Ukraine has documented war crimes since the war broke. Led by the Office of the Prosecutor General, a list of around 16,000 cases has been compiled. Some Russian soldiers have already been trialled and convicted. However, to make this documentation process as credible and transparent as possible, international actors also need to be involved.  

Ukraine has witnessed a huge international commitment since the start of the war. Different mechanisms and initiatives were set up to investigate, collect, document and preserve evidence of war crimes. However, this will be a long and difficult process, not least because of the sheer scale of the crimes, the number of human resources required to carry out investigations and document evidence effectively, and because Russia is actively destroying evidence. 

The International Criminal Court (ICC) has taken the lead in investigating and documenting the war crimes. It opened an investigation following a request from 39 member states. Its largest-ever investigative team of 42 went to Ukraine, working with local authorities to improve the gathering of witness testimony and identification of forensic materials, and ensure that evidence is collected so as to strengthen its admissibility in future proceedings. The UN Human Rights Council created an Independent International Commission of Inquiry on Ukraine to investigate all allegations of violations and abuses of human rights. Various countries have also established investigative teams to probe incidents that could constitute war crimes. 

The EU is also playing an important role. In May, the European Council adopted new rules which allow Eurojust, the EU Agency for Criminal Justice Cooperation, to collect and preserve evidence of war crimes in cooperation with the ICC. In fact, Eurojust is in the process of being equipped to serve as the central hub for preserving, storing and analysing evidence. The European Commission also launched a €7.25-million project under its Foreign Policy Instruments to support the ICC’s investigation capacities. Ukrainian civil society is also actively engaged. National and regional networks are documenting local atrocities.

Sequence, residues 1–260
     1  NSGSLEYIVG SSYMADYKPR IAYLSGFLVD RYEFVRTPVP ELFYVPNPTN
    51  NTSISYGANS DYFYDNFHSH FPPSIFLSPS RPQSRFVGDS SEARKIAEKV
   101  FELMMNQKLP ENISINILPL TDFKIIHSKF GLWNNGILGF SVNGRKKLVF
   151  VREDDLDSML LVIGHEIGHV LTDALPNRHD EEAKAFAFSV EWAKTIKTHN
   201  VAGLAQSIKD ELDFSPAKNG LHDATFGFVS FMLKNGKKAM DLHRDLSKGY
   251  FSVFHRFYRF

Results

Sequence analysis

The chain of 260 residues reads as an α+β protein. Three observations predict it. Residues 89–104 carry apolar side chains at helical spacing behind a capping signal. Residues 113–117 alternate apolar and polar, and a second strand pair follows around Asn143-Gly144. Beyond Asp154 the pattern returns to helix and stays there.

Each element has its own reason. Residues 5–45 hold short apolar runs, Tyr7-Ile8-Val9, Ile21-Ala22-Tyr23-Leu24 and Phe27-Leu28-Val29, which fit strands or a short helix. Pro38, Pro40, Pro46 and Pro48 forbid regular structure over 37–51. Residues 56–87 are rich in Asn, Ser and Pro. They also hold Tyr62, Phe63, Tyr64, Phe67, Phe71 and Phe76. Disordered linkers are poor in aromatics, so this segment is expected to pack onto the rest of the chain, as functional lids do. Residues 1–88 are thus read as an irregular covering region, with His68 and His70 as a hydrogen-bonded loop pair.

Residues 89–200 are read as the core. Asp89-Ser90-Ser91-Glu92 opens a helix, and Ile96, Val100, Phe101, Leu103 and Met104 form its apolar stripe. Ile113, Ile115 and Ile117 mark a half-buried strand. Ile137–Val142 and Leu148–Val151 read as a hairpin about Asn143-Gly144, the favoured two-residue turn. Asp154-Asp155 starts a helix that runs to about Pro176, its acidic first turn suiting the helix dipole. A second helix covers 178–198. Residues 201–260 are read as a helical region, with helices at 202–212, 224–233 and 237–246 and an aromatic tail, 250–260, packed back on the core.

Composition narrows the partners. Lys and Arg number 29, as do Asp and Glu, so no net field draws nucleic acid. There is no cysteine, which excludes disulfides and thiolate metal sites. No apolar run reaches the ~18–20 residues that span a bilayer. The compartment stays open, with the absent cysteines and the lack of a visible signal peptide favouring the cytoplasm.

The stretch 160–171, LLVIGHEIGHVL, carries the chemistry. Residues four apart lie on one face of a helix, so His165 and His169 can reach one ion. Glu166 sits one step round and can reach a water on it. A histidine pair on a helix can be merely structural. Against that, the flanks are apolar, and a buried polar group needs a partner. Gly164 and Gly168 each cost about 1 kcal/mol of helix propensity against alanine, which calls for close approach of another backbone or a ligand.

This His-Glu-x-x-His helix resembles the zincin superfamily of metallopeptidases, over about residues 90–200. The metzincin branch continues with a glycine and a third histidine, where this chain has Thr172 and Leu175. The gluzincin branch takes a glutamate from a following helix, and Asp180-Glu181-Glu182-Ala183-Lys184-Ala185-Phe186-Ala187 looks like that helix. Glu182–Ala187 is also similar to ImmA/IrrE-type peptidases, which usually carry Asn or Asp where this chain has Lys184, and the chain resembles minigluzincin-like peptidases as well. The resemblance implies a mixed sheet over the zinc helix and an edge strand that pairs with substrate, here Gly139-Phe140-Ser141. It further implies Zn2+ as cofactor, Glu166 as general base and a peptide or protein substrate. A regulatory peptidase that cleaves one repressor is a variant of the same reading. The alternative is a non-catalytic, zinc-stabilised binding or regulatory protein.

The coordination and exchange of evidence between the different actors ensure the effectiveness of these investigations. Supporting Ukraine’s investigations are also vital to ensure a speedy and effective process that complies with international standards. Finally, it is important to ascertain the chain of command – including whether a leader authorised an atrocity, or turned a blind eye – for future trials. 

Ensuring that evidence of war crimes is well preserved and documented for future prosecution is a priority. Speed is also of the essence because there is a serious risk that, due to the ongoing hostilities, evidence related to war crimes is being destroyed.  

Getting justice 

While Ukraine has brought cases against Russia to the International Court of Justice and the European Court of Human Rights since the invasion, the ICC is the only international court that could hold individuals like Putin responsible. Yet while the ICC has a mandate to deal with charges of genocide, war crimes and crimes against humanity, serious limitations remain. As Russia is not a state party to the Rome Statute, the ICC has no jurisdiction over Russia for the crime of aggression. In any case, Moscow would exercise its veto against a UN Security Council referral and in the ICC. Finally, the court cannot try defendants in absentia or while they remain heads of state.  

There are growing calls to create a special international tribunal to fill these gaps. Based on precedents like the 2002-13 Special Court for Sierra Leone and the 1945-46 Nuremberg Trials, it would investigate Russian leaders, military commanders and their allies for the crime of aggression. In May, Ukraine initiated the Special Criminal Tribunal for the Punishment of the Crime of Aggression against Ukraine and requested that the European Commission and EU member states support this initiative. 

Taking this proposal forward will take time, significant finance and rigorous pursuit. In the meantime, effectively collecting and preserving evidence should be the immediate priority. Many cases of Nazi war crimes took decades to reach a court. Thanks to preserved evidence and strong political will, individuals that thought they were free and safe spent their final days incarcerated. The same fate must await Putin and his cronies. The centuries-old cycle of war crimes and genocide in Ukraine must cease. 

Amanda Paul is a Senior Policy Analyst in the Europe in the World programme at the European Policy Centre.

The support the European Policy Centre receives for its ongoing operations, or specifically for its publications, does not constitute an endorsement of their contents, which reflect the views of the authors only. Supporters and partners cannot be held responsible for any use that may be made of the information contained therein.